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Ten Tips for Taking Great Dog Photos
By Julee Meltzer
Have you ever taken photos of your dog thinking that they would come out terrific and then been totally underwhelmed when you look at the results? If the answer is yes, then I think I can help. As a photography teacher and dog nut, I am often asked how I get so many great shots of my dogs. The following techniques can help you get really great shots of your dog—inside the RV and outside in nature.
Familiarize your dog to the camera. In order to get natural photos of your dog, he must be comfortable with the equipment out. Let your dog have a close look at your camera. Turn it on and click the shutter several times until he's familiar with the sound. Also, hold the camera while letting your dog smell and sniff the camera (don't let him lick it!). Once your dog is comfortable with the camera being out, you'll be able to take all the candid pictures you want.
Take a ton of pictures of your dog before your camping trip and during your camping trip.
Assuming you're using a digital camera, take a lot of photos. However, there are two caveats to remember when taking a lot of digital photos: 1) make sure your battery is charged fully, and 2) make sure you have enough memory to store lots of photos. Also, make sure you don't keep all of the bad shots on your computer because photos can take up a lot of room on your hard drive.
Just as with babies, a portrait photo always comes out better if you take it approximately at eye level. That way, the photo won't seem like you're looking down on your dog while he is in an awkward pose looking up. In fact, one of my favorite photos of my dogs is one that I took of them at the top of the RV steps while I was on the ground. They are looking down on the camera; it makes them look so regal! (The RV doorway is a great place for pet pictures, too.)
Think about the background.
Try to find an appealing and uncluttered background for your dog portrait. Simple is better. Also, make sure there are no trees or branches in the background. This might be hard to do on a camping trip at a wooded RV park. Otherwise, it might look like they're growing out of your dog's head. Also, you can use the portrait setting (or a large aperture setting) to blur the background and put all of the focus and emphasis on your dog's face.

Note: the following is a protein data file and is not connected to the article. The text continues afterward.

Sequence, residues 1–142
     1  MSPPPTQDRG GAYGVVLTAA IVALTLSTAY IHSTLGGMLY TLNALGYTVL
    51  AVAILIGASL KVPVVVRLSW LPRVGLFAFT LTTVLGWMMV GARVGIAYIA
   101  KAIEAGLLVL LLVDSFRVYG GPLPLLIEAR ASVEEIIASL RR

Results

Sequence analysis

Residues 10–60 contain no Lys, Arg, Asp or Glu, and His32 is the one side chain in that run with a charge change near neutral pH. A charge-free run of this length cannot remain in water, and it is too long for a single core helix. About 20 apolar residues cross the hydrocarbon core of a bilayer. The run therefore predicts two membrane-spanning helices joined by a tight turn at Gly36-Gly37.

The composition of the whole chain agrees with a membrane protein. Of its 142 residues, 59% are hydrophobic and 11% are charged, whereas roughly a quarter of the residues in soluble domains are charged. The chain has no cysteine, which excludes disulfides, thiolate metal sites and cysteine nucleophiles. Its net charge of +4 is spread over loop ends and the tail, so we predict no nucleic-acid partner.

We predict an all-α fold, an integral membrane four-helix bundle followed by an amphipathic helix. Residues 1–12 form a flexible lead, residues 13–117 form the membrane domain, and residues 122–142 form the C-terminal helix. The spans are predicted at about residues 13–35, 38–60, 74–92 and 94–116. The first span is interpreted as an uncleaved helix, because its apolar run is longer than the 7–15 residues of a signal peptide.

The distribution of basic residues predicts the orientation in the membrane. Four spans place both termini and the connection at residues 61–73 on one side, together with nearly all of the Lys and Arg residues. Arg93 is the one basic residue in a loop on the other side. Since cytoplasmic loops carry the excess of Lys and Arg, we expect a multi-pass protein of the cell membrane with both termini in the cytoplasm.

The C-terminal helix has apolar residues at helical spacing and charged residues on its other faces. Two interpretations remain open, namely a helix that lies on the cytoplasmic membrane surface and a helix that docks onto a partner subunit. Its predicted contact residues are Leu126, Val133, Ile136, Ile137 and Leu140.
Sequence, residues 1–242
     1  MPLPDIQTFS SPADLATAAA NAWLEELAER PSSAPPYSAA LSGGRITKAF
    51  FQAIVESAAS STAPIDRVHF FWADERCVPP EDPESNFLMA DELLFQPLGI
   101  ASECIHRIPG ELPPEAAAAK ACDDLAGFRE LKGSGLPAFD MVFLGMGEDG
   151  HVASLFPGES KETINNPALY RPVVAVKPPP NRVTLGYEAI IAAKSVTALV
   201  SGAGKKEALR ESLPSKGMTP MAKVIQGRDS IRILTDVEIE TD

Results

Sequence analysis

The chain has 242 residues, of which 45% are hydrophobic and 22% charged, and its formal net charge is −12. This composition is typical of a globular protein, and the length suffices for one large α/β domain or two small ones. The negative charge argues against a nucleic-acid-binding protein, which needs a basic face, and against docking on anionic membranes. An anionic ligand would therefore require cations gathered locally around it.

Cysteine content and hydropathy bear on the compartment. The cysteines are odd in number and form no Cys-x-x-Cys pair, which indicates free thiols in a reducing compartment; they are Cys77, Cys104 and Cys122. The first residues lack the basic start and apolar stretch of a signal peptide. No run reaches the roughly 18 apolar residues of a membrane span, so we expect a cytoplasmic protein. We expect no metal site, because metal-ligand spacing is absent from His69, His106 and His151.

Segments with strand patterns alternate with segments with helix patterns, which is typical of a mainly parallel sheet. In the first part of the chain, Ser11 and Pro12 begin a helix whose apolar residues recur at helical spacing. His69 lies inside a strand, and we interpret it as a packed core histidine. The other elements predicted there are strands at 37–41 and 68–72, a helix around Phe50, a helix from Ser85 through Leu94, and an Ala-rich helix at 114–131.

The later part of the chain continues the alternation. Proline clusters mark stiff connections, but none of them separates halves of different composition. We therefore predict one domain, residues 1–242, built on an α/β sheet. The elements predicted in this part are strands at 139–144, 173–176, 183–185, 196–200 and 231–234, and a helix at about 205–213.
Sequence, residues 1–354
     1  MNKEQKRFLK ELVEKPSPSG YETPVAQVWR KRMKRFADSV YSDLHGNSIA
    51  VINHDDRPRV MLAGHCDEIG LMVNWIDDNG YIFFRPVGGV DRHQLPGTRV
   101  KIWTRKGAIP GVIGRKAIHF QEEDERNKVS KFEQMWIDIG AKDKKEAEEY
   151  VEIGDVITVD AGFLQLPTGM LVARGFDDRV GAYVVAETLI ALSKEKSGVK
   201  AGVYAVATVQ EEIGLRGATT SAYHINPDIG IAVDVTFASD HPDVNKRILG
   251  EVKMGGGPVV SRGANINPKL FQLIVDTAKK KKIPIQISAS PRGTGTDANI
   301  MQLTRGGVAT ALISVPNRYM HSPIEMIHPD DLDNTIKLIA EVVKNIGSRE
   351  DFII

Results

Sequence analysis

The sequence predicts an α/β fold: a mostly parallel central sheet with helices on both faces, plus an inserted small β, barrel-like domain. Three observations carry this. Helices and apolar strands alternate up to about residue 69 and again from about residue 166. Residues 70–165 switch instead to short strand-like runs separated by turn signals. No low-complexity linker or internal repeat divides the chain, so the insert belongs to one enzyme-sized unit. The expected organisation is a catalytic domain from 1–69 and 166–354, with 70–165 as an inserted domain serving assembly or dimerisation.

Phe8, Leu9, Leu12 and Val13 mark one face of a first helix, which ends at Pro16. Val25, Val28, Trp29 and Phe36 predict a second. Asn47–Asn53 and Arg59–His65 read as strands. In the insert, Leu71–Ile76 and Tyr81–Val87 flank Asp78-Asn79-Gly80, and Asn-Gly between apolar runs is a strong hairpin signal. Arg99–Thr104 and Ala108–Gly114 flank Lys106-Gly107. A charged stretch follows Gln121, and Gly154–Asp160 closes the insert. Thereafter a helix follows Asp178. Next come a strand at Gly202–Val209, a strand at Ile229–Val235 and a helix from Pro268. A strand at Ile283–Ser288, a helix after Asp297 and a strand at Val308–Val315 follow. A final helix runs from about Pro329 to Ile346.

Look for the sun.
Find the sun and put it to your back. This puts the sun on your dog's face and allows people to see more of your dog's features. You can also take some nice photos with the sun on either side of your dog as well. Another of my favorite photos of a side profile of my dog with a cactus behind. Her face is in perfect focus and the cactus is slightly blurred, so the silhouette is beautiful.
Don't use a flash inside.
If you can find another source of light inside your RV, you should use that instead of a flash. A flash can cause red-eye in dogs, too. Try using light from windows or an indirect lamp. If you have a removable flash, try bouncing the light off the walls or ceiling.
Leave some room.
If you're taking an action shot or a photo of your dog doing something, leave some room around the dog, especially in front of it. The overall photo will be more attractive if it looks like the dog has room to move forward (as opposed to being cramped and cut-off).
Get as close as possible.
You don't even have to get your dog's
entire face in the photo. Of course, getting real close to your dog can sometimes be a problem because he may try to sniff the camera. Here's where a telephoto lens can come in handy. You can be a little bit away from your dog and still get a great close-up by zooming in on his face. And, contrary to popular opinion, you don't have to have the entire head or body in the frame. Just, make sure that you cut it off at a good point, for example, don't cut their legs off at mid thigh.
Use a color-appropriate background.
If your dog is all black, obviously you should consider using a light background for your dog's photos. Also, try to find a natural environment in or out of your RV that complements your dog's coloring. For example, our red and tan German Shepard Dog looks terrific in the fall with leaves all around. Camping with dogs affords lots of great scenery to choose from.
Experiment and have fun.
Don't be afraid to try something new. Some of the best photos we've taken are purely experimental and silly. Also, play with your dog inside or out of the RV while someone else snaps photos. You'll be guaranteed to get some good ones.
You don't have to follow every one of these tips to improve your pictures, just start with one or two and you will be amazed at how great your dog photos are starting to look. Camping with dogs is a fantastic way to bring your best friends with you, and what better than to capture the camping memory with some well taken dog photos.
So, grab your dog, get your camera, jump in your RV, and click away.
Pick up your copy of
Camping and RVing with Dogs
, by Julee & Jack Meltzer, for more tips like this.